Basics of Radio Wave Propagation
Iulian Rosu, YO3DAC / VA3IUL,http://www.qsl.net/va3iul/
• Ground-wave propagation
o Follows contour of the earth
o Can Propagate considerable distances
o Ground Wave = Direct Wave + Reflected Wave + Surface Wave
o At MF and in the lower HF bands, aerials tend to be close to the ground (in terms of wavelength). Hence the direct wave and reflected wave tend to cancel each other out (there is a 180 degree phase shift on reflection). This means that only the surface wave remains.
o A surface wave travels along the surface of the earth by virtue of inducing currents in the earth. The imperfectly conducting earth leads to some of its characteristics. Its range depends upon: Frequency, Polarization, Location and Ground Conductivity.
o The surface waves dies more quickly as the frequency increases:
) ( 200 ) ( MHz f km Range = • Sky-wave propagation
o Signal reflected from ionized layer of atmosphere back down to earth
o Signal can travel a number of hops, back and forth between ionosphere and earth’s surface
o Reflection effect caused by refraction • Line-of-Sight propagation (LOS)
• Non-LOS propagation Wave Polarization
• The plane of polarization of a radio wave is the plane in which the E-field propagates with respect to the Earth.
o If the E-field component of the radiated wave travels in a plane perpendicular to the Earth's surface (vertical), the radiation is said to be VERTICALLY POLARIZED.
o If the E-field propagates in a plane parallel to the Earth's surface (horizontal), the radiation is said to be HORIZONTALLY POLARIZED.
o CIRCULAR POLARIZATION produces an electric field that rotates as it travels. Circular polarization falls into two categories, depending on the direction of rotation: ‘right-hand circular’ and ‘left-hand circular’.
• The polarization of a radio wave can rotate as it propagates.
o If a Linear polarized wave (vertical or horizontal) reflects off a surface that is not vertical or horizontal, its polarization will be changed.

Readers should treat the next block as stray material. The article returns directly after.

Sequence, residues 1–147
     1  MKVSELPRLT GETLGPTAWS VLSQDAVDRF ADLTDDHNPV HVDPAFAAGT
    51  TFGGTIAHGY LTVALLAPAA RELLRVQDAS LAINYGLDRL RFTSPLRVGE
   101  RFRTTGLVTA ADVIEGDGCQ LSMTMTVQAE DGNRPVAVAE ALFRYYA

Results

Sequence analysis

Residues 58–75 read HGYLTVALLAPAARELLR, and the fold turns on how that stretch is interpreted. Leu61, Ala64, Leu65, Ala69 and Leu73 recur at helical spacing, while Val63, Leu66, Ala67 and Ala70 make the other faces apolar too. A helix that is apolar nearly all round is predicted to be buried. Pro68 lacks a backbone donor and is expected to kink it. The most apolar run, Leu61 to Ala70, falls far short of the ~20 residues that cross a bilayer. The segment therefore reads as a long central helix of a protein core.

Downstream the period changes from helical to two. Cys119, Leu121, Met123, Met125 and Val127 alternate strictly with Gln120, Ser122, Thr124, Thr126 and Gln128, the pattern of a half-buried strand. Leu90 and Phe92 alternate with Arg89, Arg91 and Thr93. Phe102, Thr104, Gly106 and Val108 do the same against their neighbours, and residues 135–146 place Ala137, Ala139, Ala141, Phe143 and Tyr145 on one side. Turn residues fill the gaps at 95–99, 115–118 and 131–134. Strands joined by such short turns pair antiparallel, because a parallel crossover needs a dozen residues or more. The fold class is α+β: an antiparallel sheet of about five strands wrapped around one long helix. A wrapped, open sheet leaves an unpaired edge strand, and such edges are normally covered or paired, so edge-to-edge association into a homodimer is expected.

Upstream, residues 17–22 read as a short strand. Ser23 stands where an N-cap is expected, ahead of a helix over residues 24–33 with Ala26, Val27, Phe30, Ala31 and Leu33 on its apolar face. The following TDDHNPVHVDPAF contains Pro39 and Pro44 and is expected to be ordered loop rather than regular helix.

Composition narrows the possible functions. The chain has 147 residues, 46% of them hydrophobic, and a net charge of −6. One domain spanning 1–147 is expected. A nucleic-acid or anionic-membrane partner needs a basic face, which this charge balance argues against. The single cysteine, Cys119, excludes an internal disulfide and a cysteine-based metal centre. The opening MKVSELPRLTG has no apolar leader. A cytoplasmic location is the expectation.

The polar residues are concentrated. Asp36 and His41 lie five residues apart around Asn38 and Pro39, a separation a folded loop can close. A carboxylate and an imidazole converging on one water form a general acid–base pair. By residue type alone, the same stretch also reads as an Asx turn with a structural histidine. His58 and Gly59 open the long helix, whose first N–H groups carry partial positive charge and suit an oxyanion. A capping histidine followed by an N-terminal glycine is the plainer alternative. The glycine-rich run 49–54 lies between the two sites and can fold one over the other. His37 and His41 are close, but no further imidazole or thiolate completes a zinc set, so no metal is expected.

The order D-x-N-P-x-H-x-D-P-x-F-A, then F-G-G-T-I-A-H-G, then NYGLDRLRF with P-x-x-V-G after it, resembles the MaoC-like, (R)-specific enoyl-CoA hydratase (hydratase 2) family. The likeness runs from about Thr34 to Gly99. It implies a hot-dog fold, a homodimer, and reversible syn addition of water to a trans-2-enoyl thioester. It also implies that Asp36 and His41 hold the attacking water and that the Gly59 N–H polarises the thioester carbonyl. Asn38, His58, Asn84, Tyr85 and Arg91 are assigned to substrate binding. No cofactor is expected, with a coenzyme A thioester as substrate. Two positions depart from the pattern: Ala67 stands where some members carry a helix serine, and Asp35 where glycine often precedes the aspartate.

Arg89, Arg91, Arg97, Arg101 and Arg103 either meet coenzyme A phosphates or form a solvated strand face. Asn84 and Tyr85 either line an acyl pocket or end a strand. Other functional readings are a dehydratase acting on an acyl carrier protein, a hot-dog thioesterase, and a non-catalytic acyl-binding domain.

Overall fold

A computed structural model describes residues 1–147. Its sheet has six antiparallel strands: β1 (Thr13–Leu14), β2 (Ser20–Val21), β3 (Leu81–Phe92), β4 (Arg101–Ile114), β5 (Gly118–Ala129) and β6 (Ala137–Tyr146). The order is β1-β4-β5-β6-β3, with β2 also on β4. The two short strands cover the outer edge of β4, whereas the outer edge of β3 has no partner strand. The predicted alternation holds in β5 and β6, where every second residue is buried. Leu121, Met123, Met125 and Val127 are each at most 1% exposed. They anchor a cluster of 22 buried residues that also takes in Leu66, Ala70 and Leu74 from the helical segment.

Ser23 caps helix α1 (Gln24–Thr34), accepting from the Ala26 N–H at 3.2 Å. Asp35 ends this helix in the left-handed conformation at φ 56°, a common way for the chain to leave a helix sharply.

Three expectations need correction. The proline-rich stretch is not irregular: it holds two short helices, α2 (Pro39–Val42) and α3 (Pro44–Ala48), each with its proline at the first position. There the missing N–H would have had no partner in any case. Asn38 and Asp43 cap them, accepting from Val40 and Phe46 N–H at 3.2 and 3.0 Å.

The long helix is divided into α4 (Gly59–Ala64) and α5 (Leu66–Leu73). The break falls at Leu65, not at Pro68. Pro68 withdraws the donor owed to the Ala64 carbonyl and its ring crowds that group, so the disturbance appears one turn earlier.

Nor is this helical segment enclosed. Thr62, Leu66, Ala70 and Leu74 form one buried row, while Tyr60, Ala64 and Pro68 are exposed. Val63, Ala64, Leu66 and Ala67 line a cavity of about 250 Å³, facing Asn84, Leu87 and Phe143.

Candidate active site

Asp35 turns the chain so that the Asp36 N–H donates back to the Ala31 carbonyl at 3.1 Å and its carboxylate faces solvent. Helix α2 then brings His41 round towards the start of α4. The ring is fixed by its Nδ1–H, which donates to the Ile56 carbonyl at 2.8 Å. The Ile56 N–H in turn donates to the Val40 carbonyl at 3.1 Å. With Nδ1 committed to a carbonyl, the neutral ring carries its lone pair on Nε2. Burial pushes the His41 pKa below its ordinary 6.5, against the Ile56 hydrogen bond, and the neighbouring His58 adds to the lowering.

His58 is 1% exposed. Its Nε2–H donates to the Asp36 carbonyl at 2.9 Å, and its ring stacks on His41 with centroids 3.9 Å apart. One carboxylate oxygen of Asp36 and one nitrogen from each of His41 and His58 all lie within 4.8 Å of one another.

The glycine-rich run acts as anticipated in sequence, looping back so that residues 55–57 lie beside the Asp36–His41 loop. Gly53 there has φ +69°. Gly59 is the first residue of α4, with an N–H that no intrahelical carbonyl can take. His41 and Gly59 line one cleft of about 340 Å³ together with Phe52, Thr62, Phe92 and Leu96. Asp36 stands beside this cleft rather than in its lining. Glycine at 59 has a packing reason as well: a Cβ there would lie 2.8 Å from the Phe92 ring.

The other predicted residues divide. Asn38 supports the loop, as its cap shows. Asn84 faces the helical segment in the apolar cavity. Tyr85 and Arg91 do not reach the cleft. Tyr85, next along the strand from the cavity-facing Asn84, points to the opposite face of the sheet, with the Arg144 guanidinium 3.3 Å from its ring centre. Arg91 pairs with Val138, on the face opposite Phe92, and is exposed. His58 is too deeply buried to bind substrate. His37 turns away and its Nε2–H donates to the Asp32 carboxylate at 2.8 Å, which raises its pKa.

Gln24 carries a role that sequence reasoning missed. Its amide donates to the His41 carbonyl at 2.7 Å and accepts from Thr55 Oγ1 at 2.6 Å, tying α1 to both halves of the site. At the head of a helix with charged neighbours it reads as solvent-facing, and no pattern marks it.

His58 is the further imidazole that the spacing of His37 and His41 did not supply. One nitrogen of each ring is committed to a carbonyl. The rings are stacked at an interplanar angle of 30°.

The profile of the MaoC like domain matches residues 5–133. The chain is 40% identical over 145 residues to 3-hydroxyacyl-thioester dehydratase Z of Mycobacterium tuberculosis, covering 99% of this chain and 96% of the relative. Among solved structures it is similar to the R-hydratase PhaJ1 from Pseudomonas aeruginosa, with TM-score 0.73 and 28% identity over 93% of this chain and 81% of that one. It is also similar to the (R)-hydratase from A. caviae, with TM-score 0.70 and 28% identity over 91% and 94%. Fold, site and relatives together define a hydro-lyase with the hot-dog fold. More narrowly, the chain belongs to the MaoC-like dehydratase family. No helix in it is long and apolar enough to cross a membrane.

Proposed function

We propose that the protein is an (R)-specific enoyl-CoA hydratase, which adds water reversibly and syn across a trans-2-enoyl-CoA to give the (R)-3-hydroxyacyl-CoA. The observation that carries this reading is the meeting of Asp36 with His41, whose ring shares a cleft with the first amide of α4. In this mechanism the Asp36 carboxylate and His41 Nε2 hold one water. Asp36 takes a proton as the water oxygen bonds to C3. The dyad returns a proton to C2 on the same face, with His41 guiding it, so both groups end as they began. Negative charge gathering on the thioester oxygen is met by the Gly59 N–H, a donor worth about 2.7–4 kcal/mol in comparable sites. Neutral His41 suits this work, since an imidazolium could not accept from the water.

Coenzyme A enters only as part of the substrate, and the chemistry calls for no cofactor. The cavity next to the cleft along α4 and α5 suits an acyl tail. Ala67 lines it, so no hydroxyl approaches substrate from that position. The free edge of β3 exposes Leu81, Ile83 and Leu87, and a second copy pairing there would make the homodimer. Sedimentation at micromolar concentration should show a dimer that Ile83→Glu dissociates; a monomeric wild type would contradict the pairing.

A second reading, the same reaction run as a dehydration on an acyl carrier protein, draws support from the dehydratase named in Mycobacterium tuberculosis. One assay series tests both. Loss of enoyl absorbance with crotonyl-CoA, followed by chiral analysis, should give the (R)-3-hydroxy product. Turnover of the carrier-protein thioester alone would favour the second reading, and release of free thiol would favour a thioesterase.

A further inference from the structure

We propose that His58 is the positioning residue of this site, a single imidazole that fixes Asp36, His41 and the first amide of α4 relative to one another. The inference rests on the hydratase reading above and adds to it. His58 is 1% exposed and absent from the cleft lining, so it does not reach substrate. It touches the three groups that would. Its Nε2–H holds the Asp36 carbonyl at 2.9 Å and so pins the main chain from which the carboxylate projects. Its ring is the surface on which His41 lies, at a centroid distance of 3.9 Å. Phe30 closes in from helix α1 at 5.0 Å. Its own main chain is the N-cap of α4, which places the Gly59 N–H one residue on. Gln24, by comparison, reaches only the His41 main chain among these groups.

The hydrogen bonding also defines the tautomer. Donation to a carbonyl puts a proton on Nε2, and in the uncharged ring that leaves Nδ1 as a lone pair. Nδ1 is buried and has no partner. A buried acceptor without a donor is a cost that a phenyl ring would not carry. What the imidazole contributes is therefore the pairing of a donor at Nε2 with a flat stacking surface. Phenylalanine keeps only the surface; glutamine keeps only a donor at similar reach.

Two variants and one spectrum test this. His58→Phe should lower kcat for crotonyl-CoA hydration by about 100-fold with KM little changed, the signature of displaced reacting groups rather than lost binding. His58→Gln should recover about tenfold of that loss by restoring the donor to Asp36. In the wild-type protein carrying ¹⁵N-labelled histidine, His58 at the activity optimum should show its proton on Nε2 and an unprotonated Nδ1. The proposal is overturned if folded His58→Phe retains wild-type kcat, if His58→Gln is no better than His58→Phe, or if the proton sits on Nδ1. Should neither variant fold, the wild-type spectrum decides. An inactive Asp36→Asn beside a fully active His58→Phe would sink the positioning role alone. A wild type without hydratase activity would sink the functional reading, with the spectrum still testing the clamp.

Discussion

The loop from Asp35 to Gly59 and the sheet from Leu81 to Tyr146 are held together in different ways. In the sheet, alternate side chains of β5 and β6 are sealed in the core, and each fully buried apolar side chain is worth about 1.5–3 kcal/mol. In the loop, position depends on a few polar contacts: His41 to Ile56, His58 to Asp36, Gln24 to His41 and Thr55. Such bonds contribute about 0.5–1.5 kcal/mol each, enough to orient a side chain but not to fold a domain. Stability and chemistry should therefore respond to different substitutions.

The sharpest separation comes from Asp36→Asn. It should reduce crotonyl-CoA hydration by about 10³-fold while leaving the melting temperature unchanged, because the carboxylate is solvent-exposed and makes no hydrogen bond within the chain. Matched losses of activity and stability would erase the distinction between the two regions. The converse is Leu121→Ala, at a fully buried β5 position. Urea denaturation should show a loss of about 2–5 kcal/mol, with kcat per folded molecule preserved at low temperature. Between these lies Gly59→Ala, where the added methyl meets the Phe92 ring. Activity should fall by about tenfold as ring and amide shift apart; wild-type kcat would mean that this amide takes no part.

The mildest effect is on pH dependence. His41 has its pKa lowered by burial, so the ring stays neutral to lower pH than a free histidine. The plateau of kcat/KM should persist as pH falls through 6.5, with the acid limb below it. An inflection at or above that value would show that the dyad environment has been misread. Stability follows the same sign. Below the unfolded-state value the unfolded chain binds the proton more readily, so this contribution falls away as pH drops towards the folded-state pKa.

o One advantage of Circular polarization is that rotation does not affect it: it remains circular. For this reason, circular polarization is commonly used in links to geostationary satellites at frequencies below 10 GHz.
Direction of Propagation
• If you know the directions of the E and H components, you can use the "right-hand rule" to determine the direction of wave propagation.
• Optical line of sight
• Effective, or radio, line-of-sight
o d = distance between antenna and horizon (km)
o h = antenna height (m)
o K = adjustment factor to account for refraction, rule of thumb K = 4/3 • Maximum distance between two antennas for LOS propagation:
h d =3.57 h d =3.57 Κ
)57 . 3 Κh + Κh
o h1 = height of antenna one
o h2 = height of antenna two
• LOS Wireless Transmission Impairments
o Free space loss
o Attenuation and Scattering
o Atmospheric absorption
o Multipath and Fading
• Indirect or Obstructed Propagation
o The efficacy of indirect propagation depends upon the amount of margin in the communication link and the strength of the diffracted or reflected signals. o The operating frequency has a significant impact on the viability of indirect
propagation, with lower frequencies working the best. • Tropospheric Propagation
o consists the reflection or refraction of the RF waves from temperature and moisture layers in the atmosphere.
• Ionospheric Propagation
o ionosphere is an ionized plasma around the earth that is essential to sky-wave propagation and provides the basis for nearly all HF communications beyond the horizon. These are the ionospheric layers around the Earth: